There are about 1 000 photographs in this archive that identify individuals, families, and historic and culturally specific sites. These images were taken on various field trips with members of the community, when they returned to the Kgalagadi Transfrontier Park. The collection is also a record of how the scattered community throughout the Northern Cape, came together. There are also historical images of the ǂKhomani San community that date back to the 1930s, which depict how the community lived then. There are also more recent photographs are of the ǂKhomani San over the past 20 years leading up to their historical land claim and how they live today.
Historical photographs of the San
These images were included in Alfred Martin Duggan Cronin's The Bantu Tribes of South Africa: Reproductions of Photographic Studies, the outcome of his major ethnographic research study of the San of Southern African.
Duggan-Cronin, A. M. (Alfred Martin), 1874-1982
Discoveries at the archaeological site of the ǂKhomani San's former living area
Karel "Vet Piet" Kleinman and an unknown individual show artifacts found at the archaeological site of the ǂKhomani San's former living area near Mbiwe.
Images from this trip document the first excursions into the Kgalagadi Transfrontier Park and were a central part of the work on oral history and mapping in the first years of research.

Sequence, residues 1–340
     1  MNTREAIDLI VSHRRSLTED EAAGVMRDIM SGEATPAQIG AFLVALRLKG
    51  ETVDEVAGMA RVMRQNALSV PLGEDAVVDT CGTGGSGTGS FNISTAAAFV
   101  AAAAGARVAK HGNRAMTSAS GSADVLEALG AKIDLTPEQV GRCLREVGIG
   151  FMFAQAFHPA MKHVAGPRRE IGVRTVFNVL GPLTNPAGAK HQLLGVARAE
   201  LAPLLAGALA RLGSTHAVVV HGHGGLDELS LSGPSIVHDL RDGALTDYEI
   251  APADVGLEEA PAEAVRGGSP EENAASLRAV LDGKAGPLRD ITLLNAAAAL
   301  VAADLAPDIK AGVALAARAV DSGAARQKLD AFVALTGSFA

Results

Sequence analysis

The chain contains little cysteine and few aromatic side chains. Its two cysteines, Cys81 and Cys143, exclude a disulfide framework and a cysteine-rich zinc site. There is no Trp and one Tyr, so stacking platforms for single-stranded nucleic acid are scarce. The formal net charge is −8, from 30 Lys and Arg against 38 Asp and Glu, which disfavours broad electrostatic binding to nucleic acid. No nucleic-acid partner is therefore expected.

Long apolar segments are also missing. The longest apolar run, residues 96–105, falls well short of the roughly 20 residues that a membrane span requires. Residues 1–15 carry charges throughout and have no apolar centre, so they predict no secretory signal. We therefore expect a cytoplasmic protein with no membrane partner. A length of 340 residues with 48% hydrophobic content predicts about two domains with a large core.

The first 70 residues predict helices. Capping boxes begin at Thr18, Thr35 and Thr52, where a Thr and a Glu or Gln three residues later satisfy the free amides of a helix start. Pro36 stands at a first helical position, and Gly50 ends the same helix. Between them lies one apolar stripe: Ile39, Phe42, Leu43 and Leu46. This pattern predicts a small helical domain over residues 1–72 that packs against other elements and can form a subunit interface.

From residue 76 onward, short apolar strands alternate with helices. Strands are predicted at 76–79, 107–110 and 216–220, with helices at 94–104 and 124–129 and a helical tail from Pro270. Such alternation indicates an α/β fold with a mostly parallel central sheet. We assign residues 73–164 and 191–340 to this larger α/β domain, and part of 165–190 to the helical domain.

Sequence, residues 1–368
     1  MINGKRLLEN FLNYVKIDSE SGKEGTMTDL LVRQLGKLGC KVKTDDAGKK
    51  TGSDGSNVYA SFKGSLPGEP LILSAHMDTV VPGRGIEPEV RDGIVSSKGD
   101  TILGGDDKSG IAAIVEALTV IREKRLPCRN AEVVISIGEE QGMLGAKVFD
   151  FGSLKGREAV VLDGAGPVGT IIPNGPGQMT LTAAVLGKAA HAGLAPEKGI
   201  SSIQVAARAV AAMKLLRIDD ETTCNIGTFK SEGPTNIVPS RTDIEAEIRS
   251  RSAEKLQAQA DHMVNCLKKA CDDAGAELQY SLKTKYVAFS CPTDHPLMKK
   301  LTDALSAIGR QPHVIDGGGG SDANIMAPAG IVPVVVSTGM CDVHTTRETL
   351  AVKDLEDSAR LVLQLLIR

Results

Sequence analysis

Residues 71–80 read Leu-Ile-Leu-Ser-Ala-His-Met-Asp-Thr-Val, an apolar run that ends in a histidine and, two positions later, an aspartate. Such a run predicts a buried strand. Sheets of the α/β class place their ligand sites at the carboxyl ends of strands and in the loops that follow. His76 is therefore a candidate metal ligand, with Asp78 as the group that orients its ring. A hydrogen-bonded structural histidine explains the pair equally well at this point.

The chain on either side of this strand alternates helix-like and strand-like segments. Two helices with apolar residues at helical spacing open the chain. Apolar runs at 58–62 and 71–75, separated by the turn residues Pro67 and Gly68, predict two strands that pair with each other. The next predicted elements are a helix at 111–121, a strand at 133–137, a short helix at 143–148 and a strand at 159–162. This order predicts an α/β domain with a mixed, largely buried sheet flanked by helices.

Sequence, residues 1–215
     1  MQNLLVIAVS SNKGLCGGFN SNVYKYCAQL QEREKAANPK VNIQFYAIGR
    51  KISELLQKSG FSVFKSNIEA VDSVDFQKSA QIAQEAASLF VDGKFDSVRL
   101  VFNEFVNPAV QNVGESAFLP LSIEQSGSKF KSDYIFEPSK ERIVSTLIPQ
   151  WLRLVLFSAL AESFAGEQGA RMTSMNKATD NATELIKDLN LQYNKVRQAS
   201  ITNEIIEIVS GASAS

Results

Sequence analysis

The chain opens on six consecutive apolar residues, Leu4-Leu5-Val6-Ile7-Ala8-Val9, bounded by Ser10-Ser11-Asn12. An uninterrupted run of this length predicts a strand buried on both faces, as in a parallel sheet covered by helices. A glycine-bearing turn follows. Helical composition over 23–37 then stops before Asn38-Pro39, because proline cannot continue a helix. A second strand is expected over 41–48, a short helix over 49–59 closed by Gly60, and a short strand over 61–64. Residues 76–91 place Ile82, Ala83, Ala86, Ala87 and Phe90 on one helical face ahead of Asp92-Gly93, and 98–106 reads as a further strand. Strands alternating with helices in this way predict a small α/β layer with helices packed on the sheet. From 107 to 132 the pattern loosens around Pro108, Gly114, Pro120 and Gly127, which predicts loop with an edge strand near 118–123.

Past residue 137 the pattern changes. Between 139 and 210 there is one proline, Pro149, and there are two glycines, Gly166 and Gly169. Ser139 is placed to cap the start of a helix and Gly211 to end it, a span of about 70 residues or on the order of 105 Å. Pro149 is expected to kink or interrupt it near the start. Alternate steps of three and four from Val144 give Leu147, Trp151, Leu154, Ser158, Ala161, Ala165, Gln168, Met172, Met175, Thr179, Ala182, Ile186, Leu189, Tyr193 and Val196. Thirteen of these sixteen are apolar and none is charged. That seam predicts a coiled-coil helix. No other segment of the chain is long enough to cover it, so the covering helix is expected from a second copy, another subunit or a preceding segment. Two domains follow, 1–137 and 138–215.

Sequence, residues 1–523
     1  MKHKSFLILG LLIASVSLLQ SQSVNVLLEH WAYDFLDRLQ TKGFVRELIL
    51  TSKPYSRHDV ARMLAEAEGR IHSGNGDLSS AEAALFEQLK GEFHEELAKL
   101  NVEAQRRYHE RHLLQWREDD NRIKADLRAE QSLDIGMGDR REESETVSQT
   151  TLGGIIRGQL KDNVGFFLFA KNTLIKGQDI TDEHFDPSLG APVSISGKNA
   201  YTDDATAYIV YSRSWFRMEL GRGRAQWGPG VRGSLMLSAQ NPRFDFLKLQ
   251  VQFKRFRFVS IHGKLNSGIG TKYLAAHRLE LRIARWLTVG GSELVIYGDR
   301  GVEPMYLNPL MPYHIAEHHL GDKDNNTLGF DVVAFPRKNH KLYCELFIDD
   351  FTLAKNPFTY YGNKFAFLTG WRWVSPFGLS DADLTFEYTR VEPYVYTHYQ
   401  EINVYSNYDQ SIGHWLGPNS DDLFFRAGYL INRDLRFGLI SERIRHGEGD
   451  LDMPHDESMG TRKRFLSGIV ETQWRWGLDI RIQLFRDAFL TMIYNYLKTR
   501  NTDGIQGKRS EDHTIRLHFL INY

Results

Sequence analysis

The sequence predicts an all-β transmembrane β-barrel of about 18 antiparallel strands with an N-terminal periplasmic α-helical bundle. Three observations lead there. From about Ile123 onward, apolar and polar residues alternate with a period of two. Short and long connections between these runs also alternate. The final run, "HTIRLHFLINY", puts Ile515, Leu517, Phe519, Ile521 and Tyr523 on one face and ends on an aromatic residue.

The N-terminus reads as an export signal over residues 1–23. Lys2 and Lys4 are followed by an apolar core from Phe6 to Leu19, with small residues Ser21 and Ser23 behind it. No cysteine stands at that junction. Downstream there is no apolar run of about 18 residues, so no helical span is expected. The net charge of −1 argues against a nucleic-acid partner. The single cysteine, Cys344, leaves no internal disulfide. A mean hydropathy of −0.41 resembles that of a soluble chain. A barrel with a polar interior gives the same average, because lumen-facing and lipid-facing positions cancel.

First excursions into the Kgalagadi Transfrontier Park
These images from the first excursion into the Kgalagadi Transfrontier Park show (left to right); Research team stands near an acacia tree in the Kgalagadi Transfrontier Park, the tree marks the site of a former living area for the ǂKhomani San and is now an archaeological site, Jakob Malgas collecting tsamma melons between Kij Kij and Tierkop, and the medicinal plant: Grapple is a dry plant, gray in colour, it is also extracted for traditional medicine related to arthritis pain. The ǂKhomani San use the roots in order to cure severe problems of digestion, especially stomach pain.
Trees are our heritage
Trees are a natural and cultural heritage for the San people of the region. Trees offer protection from the extreme summer heat of the Kalahari, fuel for the fires needed to cook or dance by, and they are an integral part of the ecological system so essential to San survival. The events surrounding the use of certain trees by the San are woven into the history and memories that were passed from generation to generation, until settlers arrived.
ǂKhomani San win land battle
In 1999 the ǂKhomani San won the rights to their ancestral land in the Northern Cape. Although it wasn't all the ancestral land of the past, it was both a historic and significant victory for the community who had endured dispossession and oppression during colonialism and apartheid.